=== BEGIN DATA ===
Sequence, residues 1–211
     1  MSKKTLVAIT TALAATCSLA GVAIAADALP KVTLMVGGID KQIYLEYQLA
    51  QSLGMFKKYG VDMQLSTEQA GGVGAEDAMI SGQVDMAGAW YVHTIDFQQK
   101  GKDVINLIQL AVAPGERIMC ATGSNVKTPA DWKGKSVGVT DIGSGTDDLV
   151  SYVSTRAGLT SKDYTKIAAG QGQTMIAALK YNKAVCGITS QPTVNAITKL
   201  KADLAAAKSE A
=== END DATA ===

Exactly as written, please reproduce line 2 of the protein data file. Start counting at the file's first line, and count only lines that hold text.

     1  MSKKTLVAIT TALAATCSLA GVAIAADALP KVTLMVGGID KQIYLEYQLA